Initial findings show younger women impacted
An early test of the HMC/Merck osteoporosis program yielded some surprising results: Bone loss may begin occurring in women much earlier than had been thought. If the trend proves out, it’s a sign to wellness professionals that they should target women of all ages with these educational programs.
"We first thought mainly of older women, but the more information I got, the more I came to realize we have to make younger women aware. The adolescent and young adult years are critical, and you can do things then that will have a more lasting affect," notes Diana L. Murray, CEBS, CCP, senior manager of group insurance, at Chicago-based Sara Lee Corporation.
In December 1996, Sara Lee participated in the first phase of the HMC/Merck program, offering it to employees at corporate headquarters and at its Superior Coffee facility, also in Chicago.
In the first educational session, 25 employees attended the physician-led seminar. From there, the word spread. In all, 72 Superior employees participated in the screening 70 women and two men. At corporate, 78 women and three men participated.
The results of the bone-mass screening were eye-opening. "I was very surprised at the number of women  at corporate who had osteopenia [early bone mass loss], and at their ages," says Murray. "We had three women with osteopenia between the ages of 25 and 29, and four between 30 and 34. One woman with osteoporosis was in the 30-34 age range, and another four between 40 and 49 had osteopenia. No women over 49 had either."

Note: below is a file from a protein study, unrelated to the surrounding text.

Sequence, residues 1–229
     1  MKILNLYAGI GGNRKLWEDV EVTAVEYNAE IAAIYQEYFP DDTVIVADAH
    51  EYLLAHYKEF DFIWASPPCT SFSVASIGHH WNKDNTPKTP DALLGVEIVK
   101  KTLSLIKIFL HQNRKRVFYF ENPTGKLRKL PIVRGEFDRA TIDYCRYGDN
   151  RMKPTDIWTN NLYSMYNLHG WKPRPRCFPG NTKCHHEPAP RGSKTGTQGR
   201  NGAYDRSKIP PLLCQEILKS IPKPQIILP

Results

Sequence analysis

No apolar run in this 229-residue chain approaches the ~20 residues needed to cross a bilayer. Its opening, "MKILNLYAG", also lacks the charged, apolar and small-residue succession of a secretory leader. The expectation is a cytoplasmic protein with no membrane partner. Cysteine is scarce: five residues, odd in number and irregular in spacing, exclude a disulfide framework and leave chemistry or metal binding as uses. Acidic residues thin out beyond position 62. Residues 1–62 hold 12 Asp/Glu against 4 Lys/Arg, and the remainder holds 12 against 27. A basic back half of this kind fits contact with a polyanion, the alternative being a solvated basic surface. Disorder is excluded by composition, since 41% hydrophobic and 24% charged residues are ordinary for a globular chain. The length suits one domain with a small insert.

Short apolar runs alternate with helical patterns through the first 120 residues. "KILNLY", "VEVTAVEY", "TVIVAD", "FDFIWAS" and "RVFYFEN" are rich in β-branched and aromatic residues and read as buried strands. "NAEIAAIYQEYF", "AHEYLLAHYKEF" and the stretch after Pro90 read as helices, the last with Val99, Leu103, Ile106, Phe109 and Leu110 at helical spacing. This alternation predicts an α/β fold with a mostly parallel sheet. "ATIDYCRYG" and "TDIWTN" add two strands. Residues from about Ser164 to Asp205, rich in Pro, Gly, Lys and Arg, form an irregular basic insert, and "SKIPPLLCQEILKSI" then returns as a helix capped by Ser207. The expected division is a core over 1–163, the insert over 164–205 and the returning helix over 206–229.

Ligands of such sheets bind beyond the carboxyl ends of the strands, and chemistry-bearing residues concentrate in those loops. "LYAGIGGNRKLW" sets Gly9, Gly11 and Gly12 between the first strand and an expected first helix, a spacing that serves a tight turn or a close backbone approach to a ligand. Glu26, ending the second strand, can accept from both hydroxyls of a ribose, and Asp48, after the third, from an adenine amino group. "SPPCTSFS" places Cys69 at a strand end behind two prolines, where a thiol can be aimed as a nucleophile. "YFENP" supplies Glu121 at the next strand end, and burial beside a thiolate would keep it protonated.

At Superior, the numbers were closer to what one would expect. There was one woman in the 20-24 age range who had osteopenia, and none with osteoporosis. There were two women between 40 and 49 with osteopenia, and nine between 50 and 59.
How does Murray explain the results at Superior? "I asked our doctor, and he called it the Pepsi Generation’ syndrome. Poor diet, carpooling; kids don’t go out and play like they used to."
Murray, herself a "boomer," noted: "My score was much better than my 24-year-old secretary’s; I’m from the generation that drank a lot of milk."
Murray, who has plans to expand the program to other Sara Lee facilities, sees tremendous opportunity in these findings.
"More research will give us more direction, but this gives us insight into the need to publish information for our employees about this disease state and steps that can be taken to prevent it," she says. "If the results bear out, down the line there could be preventive measures implemented into our health care pro forma. . . . Just like you have a normal baseline mammogram done when you’re 35, there could also be a basic bone scan."